- Desiree Chan developed back pain, cough, fatigue, night sweats and weight loss in late 2020.
- Doctors tested the 33-year-old man for numerous infectious diseases, such as pneumonia or tuberculosis.
- After about a month, she was diagnosed with Valley fever, a life-threatening fungal infection.
When Desiree Chan stepped out of the tub on New Year’s Eve in 2020, a throbbing pain tore through her neck and spine. She crawled into bed and stayed there for two days.
The following week, Chan, then 33, went to the doctor. She tested negative for COVID, so the doctor gave her painkillers for what he thought were trivial back pain.
Six days later, Chan, who lives in Los Angeles, developed a wet cough. This time, her doctor prescribed her cough medicine.
But Chan was still in pain and increasingly tired, so her doctor ordered an X-ray. Analysis revealed infiltrates – or dense particles that may indicate disease – in Chan’s lungs. He was given medication for what, at the time, his doctor suspected was pneumonia.
Still, Chan said her cough was so “debilitating” that she found it difficult to talk on the phone with friends. And even when she remained silent, “I felt like an elephant was walking on my chest,” she said. She quickly lost weight and developed night sweats so intense that she had to change her pajamas all night.
“I thought I was dying,” said Chan, who runs a travel agency. “I had no idea what was going on.”
Neither do doctors. It took countless tests, a handful of specialists and many weeks for Chan to be diagnosed with Valley fever, a life-threatening fungal infection that has been on the rise in recent years. Chan and her fiancé, Lucas Marton, 34, spoke to Insider about the experience to raise awareness of the strange disease – and that a cure is possible.
Most people who inhale the fungus that causes Valley fever don’t get sick
Valley fever, or coccidioidomycosis, is an infection caused by inhaling spores of the fungus Coccidioides, found in soil. It is named after the San Joaquin Valley in California, but is also found in Arizona, Nevada, Utah, New Mexico, California, Texas, and Washington.
The infection has increased in unexpected places in recent years, likely due to climate change, Insider’s Gabby Landsverk previously reported.
Not everyone who inhales the spores will get sick, but about 40% of those who do develop flu-like symptoms. About 1 in 10 patients may have serious side effects, such as permanent lung damage. Rarely, people with valley fever die if the infection spreads to places like the skin, joints, or spinal cord.
Chan said doctors don’t know why she was susceptible, as she is young and healthy. Typically, people with weakened immune systems — such as those who are pregnant, older, or have a condition like diabetes — are most at risk.
Still, Chan is lucky his team will stop at nothing to get to the root of his symptoms. “I had doctors who knew what tests to do right away, so it didn’t spread throughout my body,” she said. “I’m grateful for that.”
Doctors ran tests for all sorts of infectious diseases before concluding it was Valley fever
Doctors came to Chan’s diagnosis largely through a process of elimination.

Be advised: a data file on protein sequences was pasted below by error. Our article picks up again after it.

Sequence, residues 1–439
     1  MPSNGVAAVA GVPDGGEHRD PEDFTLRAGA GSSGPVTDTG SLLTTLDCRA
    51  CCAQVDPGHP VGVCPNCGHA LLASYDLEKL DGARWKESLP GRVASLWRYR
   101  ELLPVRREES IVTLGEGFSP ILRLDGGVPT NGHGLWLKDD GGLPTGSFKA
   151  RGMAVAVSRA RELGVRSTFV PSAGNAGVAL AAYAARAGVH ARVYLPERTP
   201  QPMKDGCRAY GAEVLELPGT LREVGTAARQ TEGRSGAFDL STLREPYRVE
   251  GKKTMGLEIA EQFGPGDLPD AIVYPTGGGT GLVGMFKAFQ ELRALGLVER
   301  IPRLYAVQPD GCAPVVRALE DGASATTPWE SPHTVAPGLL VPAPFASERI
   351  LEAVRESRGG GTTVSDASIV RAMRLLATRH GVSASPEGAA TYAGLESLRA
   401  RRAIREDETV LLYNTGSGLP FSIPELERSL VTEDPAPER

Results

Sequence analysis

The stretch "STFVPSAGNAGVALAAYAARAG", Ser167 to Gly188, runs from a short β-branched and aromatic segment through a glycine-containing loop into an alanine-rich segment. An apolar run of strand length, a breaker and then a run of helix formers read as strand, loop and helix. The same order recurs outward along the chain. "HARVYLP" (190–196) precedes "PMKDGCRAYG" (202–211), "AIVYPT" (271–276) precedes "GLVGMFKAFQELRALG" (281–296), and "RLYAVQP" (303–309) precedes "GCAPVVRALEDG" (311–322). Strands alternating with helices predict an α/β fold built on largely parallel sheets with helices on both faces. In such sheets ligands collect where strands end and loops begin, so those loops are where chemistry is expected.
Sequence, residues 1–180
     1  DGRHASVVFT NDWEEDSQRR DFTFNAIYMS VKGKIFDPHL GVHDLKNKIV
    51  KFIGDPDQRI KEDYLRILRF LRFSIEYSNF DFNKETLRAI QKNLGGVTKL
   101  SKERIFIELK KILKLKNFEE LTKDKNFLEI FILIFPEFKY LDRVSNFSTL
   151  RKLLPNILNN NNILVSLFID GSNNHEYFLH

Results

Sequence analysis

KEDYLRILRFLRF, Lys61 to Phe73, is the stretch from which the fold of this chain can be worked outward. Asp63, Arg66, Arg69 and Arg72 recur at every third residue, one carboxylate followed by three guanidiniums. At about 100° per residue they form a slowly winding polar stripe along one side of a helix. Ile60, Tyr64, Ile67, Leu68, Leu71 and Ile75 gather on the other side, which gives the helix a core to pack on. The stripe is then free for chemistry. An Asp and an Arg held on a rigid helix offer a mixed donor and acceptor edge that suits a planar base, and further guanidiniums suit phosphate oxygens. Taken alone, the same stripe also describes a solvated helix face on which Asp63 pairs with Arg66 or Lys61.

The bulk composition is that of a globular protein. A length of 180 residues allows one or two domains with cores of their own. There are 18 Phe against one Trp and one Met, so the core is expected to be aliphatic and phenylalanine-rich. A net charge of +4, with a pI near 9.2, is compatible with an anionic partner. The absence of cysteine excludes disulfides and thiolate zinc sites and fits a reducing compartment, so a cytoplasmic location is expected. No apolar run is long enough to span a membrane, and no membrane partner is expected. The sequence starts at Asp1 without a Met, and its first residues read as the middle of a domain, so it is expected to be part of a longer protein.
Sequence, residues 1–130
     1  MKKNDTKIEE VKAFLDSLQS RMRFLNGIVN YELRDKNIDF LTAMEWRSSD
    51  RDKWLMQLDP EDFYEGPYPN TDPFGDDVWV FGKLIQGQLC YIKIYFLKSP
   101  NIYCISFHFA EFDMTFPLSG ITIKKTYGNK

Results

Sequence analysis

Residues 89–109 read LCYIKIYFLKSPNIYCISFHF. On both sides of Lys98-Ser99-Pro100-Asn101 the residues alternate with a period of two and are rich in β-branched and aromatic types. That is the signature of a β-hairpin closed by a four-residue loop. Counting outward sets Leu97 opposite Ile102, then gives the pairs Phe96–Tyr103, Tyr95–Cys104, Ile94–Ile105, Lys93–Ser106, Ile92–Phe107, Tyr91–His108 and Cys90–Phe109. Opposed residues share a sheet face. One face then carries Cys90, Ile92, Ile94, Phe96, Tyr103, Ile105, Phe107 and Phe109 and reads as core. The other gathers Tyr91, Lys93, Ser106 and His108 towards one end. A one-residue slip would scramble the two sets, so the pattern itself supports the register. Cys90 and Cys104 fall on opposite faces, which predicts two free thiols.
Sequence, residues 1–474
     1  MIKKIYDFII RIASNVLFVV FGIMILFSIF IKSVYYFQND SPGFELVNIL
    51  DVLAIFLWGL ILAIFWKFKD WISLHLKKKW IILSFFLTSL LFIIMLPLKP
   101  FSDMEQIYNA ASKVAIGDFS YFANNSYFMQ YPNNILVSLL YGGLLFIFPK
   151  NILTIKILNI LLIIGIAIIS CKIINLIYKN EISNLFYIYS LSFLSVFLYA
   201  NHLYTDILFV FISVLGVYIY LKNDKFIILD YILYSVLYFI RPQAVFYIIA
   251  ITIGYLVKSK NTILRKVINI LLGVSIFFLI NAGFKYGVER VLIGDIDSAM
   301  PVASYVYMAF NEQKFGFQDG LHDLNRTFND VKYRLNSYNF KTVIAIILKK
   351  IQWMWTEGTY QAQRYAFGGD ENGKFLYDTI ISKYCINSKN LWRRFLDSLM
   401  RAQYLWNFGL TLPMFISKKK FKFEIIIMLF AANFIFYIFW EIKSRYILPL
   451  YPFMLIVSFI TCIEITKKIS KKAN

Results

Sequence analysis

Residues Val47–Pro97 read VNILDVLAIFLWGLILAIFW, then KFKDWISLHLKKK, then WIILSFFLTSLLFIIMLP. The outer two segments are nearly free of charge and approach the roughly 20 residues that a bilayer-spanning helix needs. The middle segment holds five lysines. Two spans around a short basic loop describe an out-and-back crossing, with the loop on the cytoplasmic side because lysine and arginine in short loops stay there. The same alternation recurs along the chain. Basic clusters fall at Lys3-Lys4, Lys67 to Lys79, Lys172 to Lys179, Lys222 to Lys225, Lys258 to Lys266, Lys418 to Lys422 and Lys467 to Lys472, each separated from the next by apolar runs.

Pneumonia was ruled out after Chan’s drug treatment ended, but the infiltrates remained. The next suspected culprit was tuberculosis after a CAT scan revealed a mass in Chan’s lung.
“Pack a bag,” Chan’s doctor said directing her to the ER, “you’re going to be in there for a while.”
He was right. Over the course of about 10 days, Chan’s medical records show she was tested for all sorts of infectious diseases, including HIV, Legionnaires’ disease, COVID, tuberculosis, and fungal infections histoplasmosis and aspergillosis. . Everything came back negative.
At one point, Chan said the pulmonologist even wanted to do a lung biopsy to test for cancer.
Finally, an antibody test eventually came back positive for Coccidioides, the fungus that causes Valley fever. Then the recovery began.
Chan moved in with her family, who made sure she fed and rested properly for a few months.
She spent the majority of 2021 taking high doses of the antifungal fluconazole, which sapped her appetite, plummeted her hormones and plagued her with severe brain fog that forced her to miss work for some months. She had frequent checks on her liver, which fluconazole can damage.
Even after quitting the drug in November 2021, Chan said it took around 6 months for the effects to leave his system.
“It wasn’t until mid-May of this year that I started to feel like I was getting my strength back and having a clear head,” she said.
Around this point, Marton proposed. “You go through something like that, and it’s like, what can’t we go through? “, he said. “I wouldn’t have gone through something so exhausting for someone I didn’t want to spend the rest of my life with. ”
Lack of awareness made recovery more difficult
One of the hardest parts of the experience for Chan and Marton was not knowing if or when life would return to normal. “The answer to every question we had was, ‘We can’t answer that because every case is different,'” Chan said.
The lack of awareness of Valley Fever has also exacerbated the pain.
“People didn’t really know what was going on because she didn’t really know what was going on,” said Marton, a nonprofit director. “People were asking her to do things she wasn’t ready to do yet,” like completing work tasks or going on trips with friends.
“It made things a lot worse because frustration then brought him down,” added Marton. “She felt really invisible and inaudible.”
That’s why the couple is sharing their story. “We would have liked to see more testimonials that said, ‘This is how long it’s going to take, this is how bad it’s going to be, is this going to be debilitating for the rest of my life? ‘” Marton said. “For us, the answer is no. We seem to have settled into a pretty normal lifestyle.”
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